We have been hard at work trying to get the WebVTT Parser integrated into Mozilla Firefox! We have to accomplish this goal in steps. Before the actual parser can be integrated into the browser we need to include an old patch that Ralph Gilles, a developer, worked on for the WebVTT Specification. His patch involved incorporating the HTMLTrackElement into the browser DOM (Document Object Model).
The Track element is necessary because it allows subtitle and caption tracks to be specified in the <audio> and <video> HTML5 elements. This patch was built to support the old WebVTT parser that was originally authored by Ralph so we had to import his code after we applied the patch to an old version of Mozilla Firefox. Luckily this part was easy to do using an executable script. Then all we needed to do was to build the browser with the integrated code and check for the HTMLTrackElement.
Here is a Link to the patch that we integrated on BugZilla
Here is a link to the original WebVTT Parser Associated with this Patch:
We needed to have an instance of mozilla-central (mozilla firefox repository) available for us to use. We also needed to have an old commit of mozilla-central that was live near the date of March 14 2012 because the patch Ralph wrote was targeted for this specific version of Mozilla Firefox. Because I will building the specified version of Mozilla Firefox on Windows I had to use the MozillaBuild program with the MSVC2010 compiler.
Here is a link to mozilla-central the public GitHub repository for the Mozilla Firefox web browser:
Here is the GitHub commit hash that I used from the public mozilla-central repository:
In order to apply the patch to that particular commit I need to create a new branch that contains the old version of the browser code. we will call this new branch: ‘mozilla-old’ Here is the Git command to do this:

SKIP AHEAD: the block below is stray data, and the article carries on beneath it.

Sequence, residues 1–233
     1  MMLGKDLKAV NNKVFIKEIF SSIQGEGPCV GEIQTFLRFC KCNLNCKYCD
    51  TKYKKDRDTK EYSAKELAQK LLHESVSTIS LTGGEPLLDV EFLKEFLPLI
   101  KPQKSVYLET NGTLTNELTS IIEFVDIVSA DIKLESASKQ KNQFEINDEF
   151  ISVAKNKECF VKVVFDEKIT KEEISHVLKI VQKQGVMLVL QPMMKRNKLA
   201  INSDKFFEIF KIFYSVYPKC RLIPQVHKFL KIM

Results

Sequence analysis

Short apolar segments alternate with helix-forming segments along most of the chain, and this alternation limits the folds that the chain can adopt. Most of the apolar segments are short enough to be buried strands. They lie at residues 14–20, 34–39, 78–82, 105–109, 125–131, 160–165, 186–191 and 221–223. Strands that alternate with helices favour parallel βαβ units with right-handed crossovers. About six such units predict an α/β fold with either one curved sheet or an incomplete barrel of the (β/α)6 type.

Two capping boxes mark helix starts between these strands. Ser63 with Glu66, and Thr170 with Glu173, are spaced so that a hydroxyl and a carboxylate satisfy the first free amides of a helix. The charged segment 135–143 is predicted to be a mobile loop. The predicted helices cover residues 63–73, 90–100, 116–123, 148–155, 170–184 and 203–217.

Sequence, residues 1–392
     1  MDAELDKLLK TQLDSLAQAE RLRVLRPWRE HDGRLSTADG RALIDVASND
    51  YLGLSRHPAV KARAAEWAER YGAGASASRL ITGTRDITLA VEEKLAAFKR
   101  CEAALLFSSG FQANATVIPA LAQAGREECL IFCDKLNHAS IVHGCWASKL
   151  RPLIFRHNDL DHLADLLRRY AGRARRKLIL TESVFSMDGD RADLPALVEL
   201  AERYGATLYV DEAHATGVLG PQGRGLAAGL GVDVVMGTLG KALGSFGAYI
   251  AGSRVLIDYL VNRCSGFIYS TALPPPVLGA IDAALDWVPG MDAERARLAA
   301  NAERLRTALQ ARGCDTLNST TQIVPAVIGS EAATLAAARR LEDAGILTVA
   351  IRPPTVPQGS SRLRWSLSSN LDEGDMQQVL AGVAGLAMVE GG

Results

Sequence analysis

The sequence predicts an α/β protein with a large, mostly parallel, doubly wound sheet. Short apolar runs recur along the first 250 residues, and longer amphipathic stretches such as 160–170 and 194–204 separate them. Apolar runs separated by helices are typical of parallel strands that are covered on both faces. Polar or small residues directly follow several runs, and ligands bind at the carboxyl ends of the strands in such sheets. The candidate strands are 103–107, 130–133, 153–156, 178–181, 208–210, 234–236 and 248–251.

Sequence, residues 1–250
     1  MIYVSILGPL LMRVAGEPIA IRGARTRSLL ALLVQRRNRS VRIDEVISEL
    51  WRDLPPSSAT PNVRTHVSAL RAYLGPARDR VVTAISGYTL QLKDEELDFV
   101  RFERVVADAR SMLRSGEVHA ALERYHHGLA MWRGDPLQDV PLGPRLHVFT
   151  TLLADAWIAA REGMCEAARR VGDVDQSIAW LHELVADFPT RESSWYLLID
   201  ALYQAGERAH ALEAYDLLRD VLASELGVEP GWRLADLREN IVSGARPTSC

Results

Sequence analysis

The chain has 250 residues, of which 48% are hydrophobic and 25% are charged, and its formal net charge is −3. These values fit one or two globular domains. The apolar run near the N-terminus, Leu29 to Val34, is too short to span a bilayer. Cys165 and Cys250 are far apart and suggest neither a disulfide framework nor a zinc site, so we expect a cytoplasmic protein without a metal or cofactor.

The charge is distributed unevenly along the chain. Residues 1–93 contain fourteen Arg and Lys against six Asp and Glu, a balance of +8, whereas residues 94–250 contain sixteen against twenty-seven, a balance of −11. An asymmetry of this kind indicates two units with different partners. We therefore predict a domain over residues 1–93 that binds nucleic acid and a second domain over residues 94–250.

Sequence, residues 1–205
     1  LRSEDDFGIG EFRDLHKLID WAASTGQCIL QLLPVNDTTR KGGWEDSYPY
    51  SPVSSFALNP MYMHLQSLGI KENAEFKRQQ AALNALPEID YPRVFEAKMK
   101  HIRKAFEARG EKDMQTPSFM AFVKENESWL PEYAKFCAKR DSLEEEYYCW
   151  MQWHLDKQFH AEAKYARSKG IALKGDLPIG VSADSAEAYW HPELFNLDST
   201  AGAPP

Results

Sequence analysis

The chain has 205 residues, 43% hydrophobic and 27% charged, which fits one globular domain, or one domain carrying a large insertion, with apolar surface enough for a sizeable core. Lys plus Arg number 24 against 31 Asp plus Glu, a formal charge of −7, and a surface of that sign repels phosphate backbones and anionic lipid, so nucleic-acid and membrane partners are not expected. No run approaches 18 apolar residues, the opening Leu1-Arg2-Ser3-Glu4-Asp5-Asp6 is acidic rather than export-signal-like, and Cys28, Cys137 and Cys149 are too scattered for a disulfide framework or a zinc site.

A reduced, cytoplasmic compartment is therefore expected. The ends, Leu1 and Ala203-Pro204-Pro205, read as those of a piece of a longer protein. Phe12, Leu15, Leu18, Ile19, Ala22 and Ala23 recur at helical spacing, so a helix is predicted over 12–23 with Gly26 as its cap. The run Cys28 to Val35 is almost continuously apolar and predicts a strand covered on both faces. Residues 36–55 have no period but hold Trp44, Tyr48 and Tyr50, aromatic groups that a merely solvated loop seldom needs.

git checkout -b mozilla-old b984fc4495f6a4b2e44417168db4187a44514341
In order to integrate the patch with the track element i had to first check to see if the patch is going to merge correctly into the mozilla-old repository we need to ensure there wont be any errors when the patch is applied. the git command ‘apply’ has a check option to allow us to make this verification:
git apply –check track-element.patch
If there aren’t any errors displayed on the screen it indicates that the patch can cleanly merge. I ran the command git apply track-element.patch to apply the patch to the repository. The next thing we need to do is to add Ralph’s source files to the mozilla-old repository. Luckily, Ralph wrote a neat little script that pulls in that code from his repository. His script is located in: mozilla-central/media/webvtt. switch into the webvtt directory and run the update.sh script. It will create an ‘src’ folder within the webvtt directory and it will contain the WebVTT source code.
Now that we have everything we need in place it is time to compile the code and run the web browser. To compile the code run the following command in the msvc terminal after navigating to the mozilla-central directory:
build/pymake/make.py -f client.mk -j7
the ‘7’ after -j is the number of cores i used to compile the source code. I have an intel core i7 processor on my machine. you can use any number of available cores to compile the mozilla code.
Immediately after starting to compile the code I noticed some errors. These errors were associated with an incompatibility of the WebVTT code between different revisions of the C Programming Language. MSVC10 uses C98 compiler while the latest WebVTT code is compiled in C99. Therefore, I had to make some changes to webvtt.c and ensure that all variables are declared at the head of a function definition.
Upon recompiling I noticed another error with snprintf. I opened the file and replaced snprintf with PR_snprintf and #included the correct library. The code compiled successfully this time. Now it is time to run it and to check if the HTMLTrackElement exists in the browsers web console:
Here is an image of the HTMLTrackElement in Mozilla Firefox!